The firm officially became C.J. Bates in 1907 and began expanding its needlework tool line by introducing wooden crochet hooks and knitting needles. Plastic and aluminum crochet hooks made their way into production in the 1930s – but manufacturing was paused during WWII as the factory was converted to produce parts for the war effort.
The company replaced the old wooden factory buildings with a modern brick factory in 1940. Carlton Bates remained active in the business until his death in 1941.
The company incorporated in 1960; in 1970 it moved to a more modern and larger building across from Town Hall. The name was changed to Susan Bates, Inc.
According to an internal Bates document I found at the Lace Buttons blog, by 1971 Bates was the oldest and the largest operating crochet hook manufacturer in the United States. Fifty people made and packaged over 100,000 hooks and knitting needles a day!
The company also received several patents and awards. “In 1944 Bates received a patent for the in-line hook shape. In 1952 a patent was issued for the Clips-on thread retaining clip. The 1960s saw changes in mass marketing and Bates received several awards for packaging and display including awards for color coded crochet hooks and point of purchase displays,” reads the internal document.
A tradition and a history reduced to a “brand”
In 1976, the family-owned company was purchased by Coats & Clark – which itself was purchased by Coats in 1986. Coats moved all production to Greenville, South Carolina in 1992. The seventy-five people who worked at the factory lost their jobs – many of whom had worked there 20, 30, and 40 years.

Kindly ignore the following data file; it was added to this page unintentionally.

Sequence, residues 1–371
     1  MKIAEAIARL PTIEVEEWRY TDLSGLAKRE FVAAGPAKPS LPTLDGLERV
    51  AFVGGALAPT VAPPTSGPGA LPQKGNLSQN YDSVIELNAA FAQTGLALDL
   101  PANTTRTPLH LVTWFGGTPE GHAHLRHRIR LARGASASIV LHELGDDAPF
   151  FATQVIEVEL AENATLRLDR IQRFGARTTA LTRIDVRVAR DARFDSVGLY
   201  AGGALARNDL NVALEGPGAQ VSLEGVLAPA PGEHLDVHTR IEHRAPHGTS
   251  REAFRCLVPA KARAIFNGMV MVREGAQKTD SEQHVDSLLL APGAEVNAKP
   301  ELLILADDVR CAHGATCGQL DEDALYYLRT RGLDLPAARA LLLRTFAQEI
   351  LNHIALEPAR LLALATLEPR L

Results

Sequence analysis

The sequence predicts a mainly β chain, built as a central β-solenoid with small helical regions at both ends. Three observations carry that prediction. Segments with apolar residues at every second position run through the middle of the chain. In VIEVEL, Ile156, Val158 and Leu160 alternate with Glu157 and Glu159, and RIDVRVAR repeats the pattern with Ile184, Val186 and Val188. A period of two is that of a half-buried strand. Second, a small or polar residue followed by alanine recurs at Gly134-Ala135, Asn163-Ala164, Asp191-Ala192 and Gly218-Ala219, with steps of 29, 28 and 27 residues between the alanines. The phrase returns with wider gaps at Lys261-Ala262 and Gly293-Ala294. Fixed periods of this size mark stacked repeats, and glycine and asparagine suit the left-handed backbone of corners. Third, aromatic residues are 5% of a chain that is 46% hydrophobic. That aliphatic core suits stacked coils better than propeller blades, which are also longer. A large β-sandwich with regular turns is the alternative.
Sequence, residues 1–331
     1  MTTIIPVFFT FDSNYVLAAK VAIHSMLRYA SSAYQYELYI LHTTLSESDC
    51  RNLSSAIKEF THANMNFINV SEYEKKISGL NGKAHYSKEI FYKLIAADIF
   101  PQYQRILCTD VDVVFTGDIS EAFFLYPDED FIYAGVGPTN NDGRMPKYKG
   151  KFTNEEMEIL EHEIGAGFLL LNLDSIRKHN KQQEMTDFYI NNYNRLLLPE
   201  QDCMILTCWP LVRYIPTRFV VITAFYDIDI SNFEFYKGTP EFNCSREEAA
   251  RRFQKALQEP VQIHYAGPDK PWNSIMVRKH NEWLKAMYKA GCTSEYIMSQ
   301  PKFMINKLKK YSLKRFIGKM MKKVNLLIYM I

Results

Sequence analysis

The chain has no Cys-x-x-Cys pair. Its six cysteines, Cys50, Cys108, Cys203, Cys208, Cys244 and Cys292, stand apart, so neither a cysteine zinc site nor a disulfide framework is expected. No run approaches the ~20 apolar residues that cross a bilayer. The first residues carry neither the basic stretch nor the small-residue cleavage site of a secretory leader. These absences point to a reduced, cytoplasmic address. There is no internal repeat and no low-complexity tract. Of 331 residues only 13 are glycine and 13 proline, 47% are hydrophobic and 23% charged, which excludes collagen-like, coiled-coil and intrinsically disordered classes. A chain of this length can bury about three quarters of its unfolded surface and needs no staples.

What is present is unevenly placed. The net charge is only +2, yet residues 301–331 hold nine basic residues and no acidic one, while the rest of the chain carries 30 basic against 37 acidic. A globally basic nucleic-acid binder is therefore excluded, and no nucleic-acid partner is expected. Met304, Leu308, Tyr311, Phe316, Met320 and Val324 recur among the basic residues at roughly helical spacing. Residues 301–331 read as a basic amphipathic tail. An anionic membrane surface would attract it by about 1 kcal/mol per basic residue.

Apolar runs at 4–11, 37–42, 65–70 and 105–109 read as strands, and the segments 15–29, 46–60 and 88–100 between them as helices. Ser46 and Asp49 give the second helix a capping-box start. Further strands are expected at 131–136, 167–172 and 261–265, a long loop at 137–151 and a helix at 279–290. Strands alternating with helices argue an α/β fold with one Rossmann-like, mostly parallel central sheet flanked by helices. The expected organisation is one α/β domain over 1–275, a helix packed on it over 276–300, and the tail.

“Closing the factory is still a sore point with some people in town,” said Cary Hull.
The Susan Bates brand was absorbed into numerous Coats brands. Coats spun off the Coats & Clark brands in 2019. Today, the Coats & Clark brand (thread), along with Red Hart (yarn) and Susan Bates, are owned by Spinrite, headquartered in Canada.
I emailed Spinrite and learned Susan Bates hooks and knitting needles are manufactured in China, Malaysia and India. (Yarn is outsourced as well, although sewing thread is spooled in North American mills.)
Reading online forums and posts by crafters, it’s easy to see that Susan Bates crochet hooks still have a loyal following, but few people know the history behind them or where they’re now made – or that they were once made by people in a small New England community.
All I could hear were ghosts
Walking the downtown of Chester is like stepping back into a quaint New England village. I enjoyed lunch at a local café with tables set outside and wide plank wooden floors inside. I sat at a window table, with the late winter sun streaming in, and watched families, friends, and tourists come and go.
It was short walk from the downtown to the 1940 Bates factory building on Goose Hill Road; the factory is now a theater. (The company donated it to the Goodspeed Opera House of East Haddam.)
The building has been modified to suit the theater, but even with the modification, it’s still a wonderful example of an old mill.